Just last week, Google was fined €50m, or over $57 million by Commission Nationale de l’Informatique et des Libertés (CNIL), the French Data Protection Authority, for violating the General Data Protection Regulation (GDPR). The case makes it apparent that organizations must make GDPR compliancy a priority.
In two separate complaints, pressure groups, None of Your Business (NOYB) and La Quadrature du Net (LQDN), argued that Google was collecting personal data from the users of its services for purposes such as personalized advertising, purportedly “enforcing consent,” given the lack of an alternative, aside from not using the services, and failing to be transparent about the use of personal information.
While this fine may be a minor inconvenience to the tech giant, the case underscores the need for businesses and personnel, particularly chief compliance officers and chief data privacy officers, to become well-versed in GDPR.
The GDPR came into effect on May 25, 2018. The new European data regulation, for which there is no equivalent in the United States, has set a worldwide standard for users’ privacy and data protection. Given that many US-based businesses cater to global consumers, the effect of these laws extends far beyond Europe itself – as we can see from the Google case – and organizations’ employees need to be trained in and understand the regulation. It doesn’t matter where the organization is located or headquartered; any organizations that do business in the European Union or the European Economic Area (EEA) must comply with the GDPR.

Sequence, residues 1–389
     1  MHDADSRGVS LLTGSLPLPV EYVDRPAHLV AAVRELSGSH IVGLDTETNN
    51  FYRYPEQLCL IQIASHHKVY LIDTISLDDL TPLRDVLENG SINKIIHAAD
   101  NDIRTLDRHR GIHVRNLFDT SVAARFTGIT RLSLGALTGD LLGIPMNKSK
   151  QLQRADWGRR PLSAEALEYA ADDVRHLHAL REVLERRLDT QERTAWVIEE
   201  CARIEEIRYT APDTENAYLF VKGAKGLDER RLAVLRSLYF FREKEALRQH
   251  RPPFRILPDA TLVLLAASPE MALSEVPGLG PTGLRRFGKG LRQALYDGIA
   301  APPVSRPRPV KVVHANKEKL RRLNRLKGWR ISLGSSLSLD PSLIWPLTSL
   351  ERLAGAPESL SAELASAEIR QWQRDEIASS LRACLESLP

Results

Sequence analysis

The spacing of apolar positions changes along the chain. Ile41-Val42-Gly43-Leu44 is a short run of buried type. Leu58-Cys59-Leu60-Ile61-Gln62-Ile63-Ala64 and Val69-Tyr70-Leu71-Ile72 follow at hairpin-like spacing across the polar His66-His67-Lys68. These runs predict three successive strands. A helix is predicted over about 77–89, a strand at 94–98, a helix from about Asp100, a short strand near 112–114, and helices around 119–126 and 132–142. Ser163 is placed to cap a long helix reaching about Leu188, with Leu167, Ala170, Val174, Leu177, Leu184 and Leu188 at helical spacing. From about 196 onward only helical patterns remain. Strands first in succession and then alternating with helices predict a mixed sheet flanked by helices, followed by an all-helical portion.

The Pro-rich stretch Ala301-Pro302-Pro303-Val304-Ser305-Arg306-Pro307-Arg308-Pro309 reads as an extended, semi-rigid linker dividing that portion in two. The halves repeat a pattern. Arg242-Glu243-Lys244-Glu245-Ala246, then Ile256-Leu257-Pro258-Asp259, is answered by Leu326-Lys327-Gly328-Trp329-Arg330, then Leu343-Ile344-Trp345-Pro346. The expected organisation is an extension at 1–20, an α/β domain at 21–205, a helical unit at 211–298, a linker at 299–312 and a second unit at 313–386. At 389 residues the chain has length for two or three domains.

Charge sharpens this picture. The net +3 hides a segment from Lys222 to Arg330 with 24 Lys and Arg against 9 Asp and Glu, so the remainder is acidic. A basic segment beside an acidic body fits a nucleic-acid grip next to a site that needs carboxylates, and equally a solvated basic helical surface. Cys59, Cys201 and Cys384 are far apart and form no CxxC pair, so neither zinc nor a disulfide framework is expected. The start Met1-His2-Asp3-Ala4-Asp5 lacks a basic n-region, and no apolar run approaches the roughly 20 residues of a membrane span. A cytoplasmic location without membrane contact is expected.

The GDPR protects any information that could be used to identify users, including names; photos; email addresses; dates of birth; ethnicities; religions; financial records; medical information; employment history; and much more. More specifically, organizations must:
- Solicit consent from users to collect personal data and give them the opportunity to opt out at any point. (This includes soliciting consent from the parents of minors.)
- Engage in “data protection by design,” demonstrating that they are taking clear and structured measures to protect users’ personal data.
- Report any data breaches to the national regulator within 72 hours.
Organizations that fail to comply with the GDPR could face fines of up to €10 million, or 2% annual global turnover – whichever is higher.
Because organizations must continue to demonstrate their accountability and ensure that their practices are GDPR compliant, your staff must be knowledgeable and well trained in the laws. Furthermore, organizations should implement compliance training solutions, personalized for all employees, not just those directly involved with data security.
At Interactive Services, we recommend providing training essentials and awareness programs for every employee to educate personnel on concepts like data controllers, data processors, and data subject, and additional topics including consent and privacy statements. Advanced role-specific training should be implemented for different areas of specialization and expertise; for example, human resources employees will handle information differently from how marketing and sales personnel do. Employees dealing with data privacy directly, such as your chief data protection officer, specialist lawyer, or senior members of the data privacy team, should become “GDPR champions,” receiving an advanced level of training.
This type of compliance training should occur annually, and you should continually review your policies and ensure that they are up-to-date.
How can you make sure your organization is GDPR compliant? At Interactive Services, we offer personalized training to ensure all of your employees understand the regulation and how it affects their work and specific role within the business. Start a free trial of our GDPR Training today!
Written by Mark Dorosz, Head of Interactive Compliance Training (ICT), Interactive Services.
For more information contact Becky Murphy (firstname.lastname@example.org), Client Engagement Manager, Interactive Services